The news of Brian Barnhart’s being named as Verizon IndyCar Series race director as the permanent member of a three-person steward panel has not exactly been well received on social media (to put it mildly).
However, at least one person with an important take on race control proceedings has come to Barnhart’s defense — Team Penske president Tim Cindric.
Cindric told reporters at NASCAR’s Charlotte media tour, including NBC Sports’ Nate Ryan, that as “a known quantity,” Barnhart is a suitable replacement for Beaux Barfield (who became IMSA race director last September).
“No. 1, we need somebody we know,” Cindric said. “I think he’s someone who has been around the sport a long time.”
The three-person steward system was implemented for the 2014 season. Cindric said because the teams know him, and because Barnhart knows the series, the hire should work.
“I guess I wouldn’t expect a whole lot different,” Cindric said. “We’ve been there and done that. He’s been there before. He’s a known quantity. Bringing someone else in that we didn’t know before was maybe a bigger question. Brian is someone we understand. You don’t have to get to know anybody. He’s the guy. I don’t see any other candidates out there that were any better.”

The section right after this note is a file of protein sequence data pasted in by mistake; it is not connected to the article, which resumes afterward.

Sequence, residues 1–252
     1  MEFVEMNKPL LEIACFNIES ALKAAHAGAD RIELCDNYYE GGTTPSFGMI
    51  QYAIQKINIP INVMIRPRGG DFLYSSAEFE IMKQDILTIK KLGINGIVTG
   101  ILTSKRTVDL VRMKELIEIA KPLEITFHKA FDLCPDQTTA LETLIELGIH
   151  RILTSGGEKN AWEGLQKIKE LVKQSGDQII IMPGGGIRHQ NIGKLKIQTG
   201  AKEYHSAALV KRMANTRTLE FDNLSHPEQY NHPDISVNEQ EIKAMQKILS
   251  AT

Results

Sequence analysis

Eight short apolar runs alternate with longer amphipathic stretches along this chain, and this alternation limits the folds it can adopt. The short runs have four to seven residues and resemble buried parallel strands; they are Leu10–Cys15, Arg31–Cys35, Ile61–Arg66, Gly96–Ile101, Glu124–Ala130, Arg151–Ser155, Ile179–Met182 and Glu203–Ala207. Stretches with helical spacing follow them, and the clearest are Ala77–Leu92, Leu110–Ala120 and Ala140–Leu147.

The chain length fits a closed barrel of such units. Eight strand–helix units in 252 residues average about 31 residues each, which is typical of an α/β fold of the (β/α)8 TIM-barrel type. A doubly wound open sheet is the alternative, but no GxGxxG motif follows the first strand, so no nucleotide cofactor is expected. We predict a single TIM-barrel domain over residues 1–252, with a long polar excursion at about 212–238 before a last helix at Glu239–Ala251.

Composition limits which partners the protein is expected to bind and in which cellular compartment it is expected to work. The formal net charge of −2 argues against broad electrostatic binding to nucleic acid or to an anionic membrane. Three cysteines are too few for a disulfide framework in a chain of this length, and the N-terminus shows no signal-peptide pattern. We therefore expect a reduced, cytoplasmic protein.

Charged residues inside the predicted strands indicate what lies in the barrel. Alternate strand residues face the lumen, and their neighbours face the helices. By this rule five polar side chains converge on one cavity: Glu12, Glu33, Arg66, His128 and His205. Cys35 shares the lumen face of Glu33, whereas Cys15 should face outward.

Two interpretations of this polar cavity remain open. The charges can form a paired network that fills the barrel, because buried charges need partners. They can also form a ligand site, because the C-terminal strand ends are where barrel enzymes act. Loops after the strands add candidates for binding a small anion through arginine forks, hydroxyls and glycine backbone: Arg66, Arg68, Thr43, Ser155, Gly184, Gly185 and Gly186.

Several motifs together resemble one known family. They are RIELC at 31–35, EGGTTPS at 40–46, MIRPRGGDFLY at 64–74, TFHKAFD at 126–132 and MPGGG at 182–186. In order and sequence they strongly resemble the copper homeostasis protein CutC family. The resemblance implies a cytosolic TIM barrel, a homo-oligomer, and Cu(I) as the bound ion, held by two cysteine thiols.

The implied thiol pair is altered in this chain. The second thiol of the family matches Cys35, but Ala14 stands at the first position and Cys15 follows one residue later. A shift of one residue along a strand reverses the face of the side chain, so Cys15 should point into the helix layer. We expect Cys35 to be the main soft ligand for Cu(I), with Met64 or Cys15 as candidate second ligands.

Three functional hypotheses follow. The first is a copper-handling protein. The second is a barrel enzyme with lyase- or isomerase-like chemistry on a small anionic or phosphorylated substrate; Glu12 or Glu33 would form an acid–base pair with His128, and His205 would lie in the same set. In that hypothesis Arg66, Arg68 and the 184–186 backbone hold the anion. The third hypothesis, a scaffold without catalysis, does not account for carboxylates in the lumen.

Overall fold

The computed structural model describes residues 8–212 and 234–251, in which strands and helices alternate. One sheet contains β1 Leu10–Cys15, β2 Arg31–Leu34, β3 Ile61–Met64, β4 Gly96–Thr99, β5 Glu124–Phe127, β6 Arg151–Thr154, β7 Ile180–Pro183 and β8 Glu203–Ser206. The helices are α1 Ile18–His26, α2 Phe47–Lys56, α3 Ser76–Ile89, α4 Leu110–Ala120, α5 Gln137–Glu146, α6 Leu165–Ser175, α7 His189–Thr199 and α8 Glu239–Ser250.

Cindric also said whoever stepped into the race director role was walking into the proverbial hornet’s nest, calling it “a thankless job … that puts you right in the thick of it.
“You can say that about anybody who has been a race series director in any sport,” Cindric said. “You’re going to have an opinion what’s fair and not fair. But I think all we want is consistency as teams, and I think he’ll provide that. Anyone who goes through that process is always going to look back and say, ‘Did I do this one the right way? Or not do it the right way?’ I’m no different in my shoes. I make mistakes every day, too.”
Cindric said he preferred a “dictator situation” for officiating auto racing, provided there is transparency about the reasons for the calls.
“You always want to know where the decisions are coming from and why,” he said The more transparent race control can be, and you see NASCAR making those steps. NASCAR’s transparency is becoming better every year. And the transparency with these 45 cameras (used in the pits this season) and all the rest of it, there’s less and less decisions that are made without facts behind them.”